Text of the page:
Follow-ups to staggeringly successful albums are a queer animal. A lot of bands use the opportunity to indulge personal, idiosyncratic pursuits—like a covers album of obscure childhood favorites. Rarely do bands attempt to precisely duplicate whatever synergies led to their initial success, because, well, that's just folly. Lightning doesn't strike the same buying public twice. But Green Day, always audacious, chose just that strategy. Three years after the commercial runaway train of American Idiot, they offer 21st Century Breakdown, and it's a lot like the Danny DeVito to American Idiot's Arnold Schwarzenegger: They came from the same parents, but one was clearly blessed with superior genes.
Having grown accustomed to outsized stadium shows, Green Day continues to peddle unsubtle pop-punk grandiosity, musically and philosophically blunt enough to reach the back rows. The album is constructed around a three-act narrative that follows prototypical teenage wastoids Christian and Gloria as they seek meaning and direction in a narcotized strip-mall America. The lyrical perspective shifts from an omniscient narrator offering warnings and words of encouragement to truculent first-person screeds, all of it adding up to a blustery jeremiad against...government? Authority? Apathy? It's a little ill-defined. We never learn much about the characters, save their vague disenfranchisement and fondness for cigarettes, so it appears the overly ambitious conceit serves mainly to allow for an exhausting 71-minute runtime. In 1999, NOFX—another snotty pop-punk band with surprising longevity—wrote a 20-minute song called "The Decline" that hammered home uniquely American hypocrisies at the intersection of the personal and the political and set it to blazing hardcore and proggy interludes—and it didn't take them two albums to do it. To his credit, Billie Joe Armstrong has a simply indefatigable sense of what makes a song catchy and high-energy, which is fortunate because if the tunes were any less ingratiating, this kind of empty rhetoric would be offensive.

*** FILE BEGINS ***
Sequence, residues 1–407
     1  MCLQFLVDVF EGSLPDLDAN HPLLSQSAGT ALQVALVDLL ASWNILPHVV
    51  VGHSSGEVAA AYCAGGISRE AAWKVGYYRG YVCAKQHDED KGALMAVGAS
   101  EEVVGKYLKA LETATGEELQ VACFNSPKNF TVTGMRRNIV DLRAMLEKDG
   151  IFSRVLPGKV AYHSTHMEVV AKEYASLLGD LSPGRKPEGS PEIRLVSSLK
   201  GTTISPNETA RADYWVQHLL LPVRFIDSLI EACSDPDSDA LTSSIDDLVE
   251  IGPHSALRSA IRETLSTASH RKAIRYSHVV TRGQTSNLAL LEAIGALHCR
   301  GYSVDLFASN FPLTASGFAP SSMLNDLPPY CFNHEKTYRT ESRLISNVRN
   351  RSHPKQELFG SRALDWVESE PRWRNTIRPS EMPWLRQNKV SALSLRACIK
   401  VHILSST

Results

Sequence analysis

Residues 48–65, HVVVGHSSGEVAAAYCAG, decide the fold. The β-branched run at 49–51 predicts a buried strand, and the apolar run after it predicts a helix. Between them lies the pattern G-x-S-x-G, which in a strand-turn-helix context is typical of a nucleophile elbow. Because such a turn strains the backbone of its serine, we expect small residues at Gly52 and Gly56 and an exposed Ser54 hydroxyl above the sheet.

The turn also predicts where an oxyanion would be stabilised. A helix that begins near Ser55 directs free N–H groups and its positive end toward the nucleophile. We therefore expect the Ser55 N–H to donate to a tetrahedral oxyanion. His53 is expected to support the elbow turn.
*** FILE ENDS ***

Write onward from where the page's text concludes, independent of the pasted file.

For its oft-satisfying marriage of melodramatic ballads and larger-than-life bar chords, critics have compared 21st Century's musical eclecticism to Queen and Meatloaf. And it's true: Nearly every song opens with mournful crooning, blitzes through a few power-pop changeups, and ends in a bombastic display of Green Day's signature Ramones-meets-the-Who theatrics. Guitars are compressed within an inch of their life, courtesy of producer Butch Vig, effectively removing any character, save an imposing and immediate presence. Because many of the songs rely on abrupt dynamic 180s, it's easier to pick memorable parts than standout tracks. There's the Lennon-aping piano intro to "Last Night on Earth," and the Doors-aping cabaret stomp of "Viva La Gloria? (Little Girl)." The otherwise tossed-off "Christian's Inferno" gives us a nigh-industrial bass/drums stampede that's the most aggressive Green Day has sounded since Insomniac's "Geek Stink Breath."
But an uncanny sense of familiarity hangs over too much of the album. The melodies of several tracks suggest ghosts of older Green Day songs. In particular, "East Jesus Nowhere" appropriates the chorus of "Welcome to Paradise" so baldy you have to wonder if it's an in-joke, and lead single "Know Your Enemy" exemplifies the worst aspects of the album: not catchy exactly, simply infectious and sloganeering, like a commercial jingle for itself that makes your liking it or not a moot point.
Maybe if you've heard one Green Day rock opera, you've heard them all. Anyone who owns American Idiot probably won't need its lesser twin, and those who steered clear won't come groveling for forgiveness. The first time around, the band's ire could be believed as an urgent response to the nightmare of the Bush era. But this retread comes across as a disingenuous move. "Desperate, but not hopeless," as Billy Joe describes his young protagonists, might as well describe Green Day as they release this album into an uncertain political and economic climate. The Us vs. Them ideological rug having been pulled out from under them with Barack Obama's victory, they seem doggedly insistent on clinging to the malaise Americans are attempting to shuffle off. We're entering a period marked by a sentiment more complex than lyrics like "Silence is the enemy, so gimme revolution" can summarize.